While speaking we tend to jumble up a few phrases/ words as the meaning of what we want to say gets conveyed. This also happens because many of us replay our thoughts in our native language which we translate to English. The spoken way becomes the most accepted way but what is colloquially accepted may not be accepted in formal/written English. When dealing with sentence correction type of questions, one needs to typically keep in mind a few basic rules of English Grammar and most common places of errors.
Pronouns are used to replace the nouns in a sentence to avoid repetition. Eg: Ram is boy. He is 4 yrs old. He goes to a playschool. He is the pronoun used to replace Ram.
Pronouns are of 3 kinds:
- Subjective - The Subject is typically the doer of an action. The Subjective pronoun is used to replace the noun in the subject of a sentence.
- Objective – An object is the receiver of the action or an object on which the action is being done. The objective pronoun is used to replace the noun in the object of the sentence.
- Possessive - The possessive case is used to reflect the possession or belonging of a noun.
Eg: Smita threw a stone.
In this sentence the doer of the action is Smita, hence Smita is the subject. The action of “throwing” is being done on the stone. Hence stone is the object in the sentence.
This is Smita’s bag.
The bag belongs to Smita, therefore the apostrophe s indicates possession i.e. the possessive case of the noun Smita.
The pronouns to use in place of Subject/Object/Possession are classified in the below table:
Keeping these in mind let us look at the common errors:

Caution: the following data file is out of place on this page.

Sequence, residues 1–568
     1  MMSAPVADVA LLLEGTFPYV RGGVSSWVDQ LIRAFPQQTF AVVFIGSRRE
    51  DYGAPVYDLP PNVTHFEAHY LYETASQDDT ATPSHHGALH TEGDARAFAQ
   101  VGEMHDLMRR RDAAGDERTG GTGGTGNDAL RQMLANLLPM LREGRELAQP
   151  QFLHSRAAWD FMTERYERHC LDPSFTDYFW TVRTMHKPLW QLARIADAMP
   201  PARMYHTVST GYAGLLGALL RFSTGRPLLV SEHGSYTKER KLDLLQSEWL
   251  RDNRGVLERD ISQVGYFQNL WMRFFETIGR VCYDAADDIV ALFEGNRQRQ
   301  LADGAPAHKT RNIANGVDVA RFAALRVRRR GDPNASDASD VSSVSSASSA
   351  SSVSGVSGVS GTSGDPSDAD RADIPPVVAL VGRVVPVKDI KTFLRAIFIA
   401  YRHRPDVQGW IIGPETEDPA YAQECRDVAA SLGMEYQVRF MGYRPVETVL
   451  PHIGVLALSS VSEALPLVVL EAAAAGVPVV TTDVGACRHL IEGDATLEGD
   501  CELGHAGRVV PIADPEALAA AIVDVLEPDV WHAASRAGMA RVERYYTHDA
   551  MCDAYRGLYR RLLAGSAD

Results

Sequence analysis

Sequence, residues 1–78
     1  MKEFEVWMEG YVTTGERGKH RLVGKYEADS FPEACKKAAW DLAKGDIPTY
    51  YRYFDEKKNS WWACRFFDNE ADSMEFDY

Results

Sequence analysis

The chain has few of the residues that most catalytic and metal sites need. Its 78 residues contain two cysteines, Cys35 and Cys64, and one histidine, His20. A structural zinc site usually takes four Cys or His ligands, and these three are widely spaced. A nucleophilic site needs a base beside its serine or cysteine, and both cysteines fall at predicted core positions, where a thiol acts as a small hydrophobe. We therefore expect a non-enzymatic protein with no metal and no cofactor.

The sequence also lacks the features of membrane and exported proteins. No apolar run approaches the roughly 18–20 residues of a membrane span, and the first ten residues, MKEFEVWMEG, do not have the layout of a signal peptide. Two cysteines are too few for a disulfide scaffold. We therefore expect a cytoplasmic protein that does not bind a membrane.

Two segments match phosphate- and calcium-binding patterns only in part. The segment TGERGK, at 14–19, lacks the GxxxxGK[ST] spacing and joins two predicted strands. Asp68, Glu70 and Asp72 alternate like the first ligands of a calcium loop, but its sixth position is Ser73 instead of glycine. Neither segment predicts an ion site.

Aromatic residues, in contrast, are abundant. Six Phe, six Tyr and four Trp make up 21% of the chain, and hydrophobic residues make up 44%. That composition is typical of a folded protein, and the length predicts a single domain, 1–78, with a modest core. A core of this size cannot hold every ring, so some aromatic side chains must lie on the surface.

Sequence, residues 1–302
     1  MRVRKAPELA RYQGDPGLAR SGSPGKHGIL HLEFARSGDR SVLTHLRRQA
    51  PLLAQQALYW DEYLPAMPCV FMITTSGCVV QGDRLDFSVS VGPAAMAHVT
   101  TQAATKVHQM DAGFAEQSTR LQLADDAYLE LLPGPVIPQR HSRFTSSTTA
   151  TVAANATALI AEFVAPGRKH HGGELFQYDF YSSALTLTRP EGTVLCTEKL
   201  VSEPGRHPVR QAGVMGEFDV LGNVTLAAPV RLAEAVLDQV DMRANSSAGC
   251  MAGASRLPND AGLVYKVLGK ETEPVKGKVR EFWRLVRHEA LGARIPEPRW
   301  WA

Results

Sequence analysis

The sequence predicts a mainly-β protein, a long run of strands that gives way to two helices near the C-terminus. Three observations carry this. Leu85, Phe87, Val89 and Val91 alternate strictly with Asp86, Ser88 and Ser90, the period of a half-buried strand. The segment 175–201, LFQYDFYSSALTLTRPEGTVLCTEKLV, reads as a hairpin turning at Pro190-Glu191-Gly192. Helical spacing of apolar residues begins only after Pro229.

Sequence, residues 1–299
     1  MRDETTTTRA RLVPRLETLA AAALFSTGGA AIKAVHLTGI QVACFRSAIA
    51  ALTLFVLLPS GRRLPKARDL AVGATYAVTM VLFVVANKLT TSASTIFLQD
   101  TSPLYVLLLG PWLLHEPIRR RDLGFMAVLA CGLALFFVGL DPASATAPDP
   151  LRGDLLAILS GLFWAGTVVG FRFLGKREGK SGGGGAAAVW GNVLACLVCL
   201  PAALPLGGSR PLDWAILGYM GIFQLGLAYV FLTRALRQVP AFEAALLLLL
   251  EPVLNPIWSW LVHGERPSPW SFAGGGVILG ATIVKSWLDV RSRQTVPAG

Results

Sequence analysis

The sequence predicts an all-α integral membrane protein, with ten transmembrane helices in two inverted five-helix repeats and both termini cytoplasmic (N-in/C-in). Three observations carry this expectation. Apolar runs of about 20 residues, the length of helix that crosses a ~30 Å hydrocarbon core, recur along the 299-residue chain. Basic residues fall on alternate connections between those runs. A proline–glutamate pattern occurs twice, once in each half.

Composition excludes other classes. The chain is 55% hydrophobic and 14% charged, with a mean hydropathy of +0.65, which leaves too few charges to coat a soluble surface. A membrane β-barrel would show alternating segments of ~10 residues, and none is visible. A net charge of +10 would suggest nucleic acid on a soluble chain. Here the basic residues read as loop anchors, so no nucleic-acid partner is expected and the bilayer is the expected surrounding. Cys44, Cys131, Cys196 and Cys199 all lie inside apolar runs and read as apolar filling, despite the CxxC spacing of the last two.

- Error of subjective and objective cases
When making comparisons, then both comparisons will be of similar degree.
Eg: Smita is prettier than I. colloquially ‘Me’ sounds better, but here we compare ‘Smita’ who is in the subjective case; with’ I’.
- A noun which comes after a preposition is also said to be in the Objective Case.
Eg: Let me go to the market. [‘Let’ is a preposition hence it will be followed by ‘me’ and not ‘I’.]
Pronoun antecedent: A pronoun generally refers to the noun stated earlier in the sentence i.e. its antecedent. Therefore the pronoun must agree with the noun according to the noun being singular/plural. The pronoun antecedent should always be well defined in a sentence. If not; it shows an ambiguity and should be ignored.
Eg: Rita and Neeta went to the market, but she did not buy anything. The usage of ‘she’ in the second clause is ambiguous and needs to be avoided.
Rita and Neeta went to the market, but they did not buy anything. Correct usage
Error with Gerund: A gerund is a verb having an ‘ing’ form and being used as a noun. Whenever a pronoun precedes a gerund it must take a possessive case.
Eg: My reading at odd hours, irks my mother. [‘reading’ in this sentence is not acting as a verb. It is not an action of reading, but the practice of reading that irks mother. Hence, the possessive case ‘my’ will be used with it.
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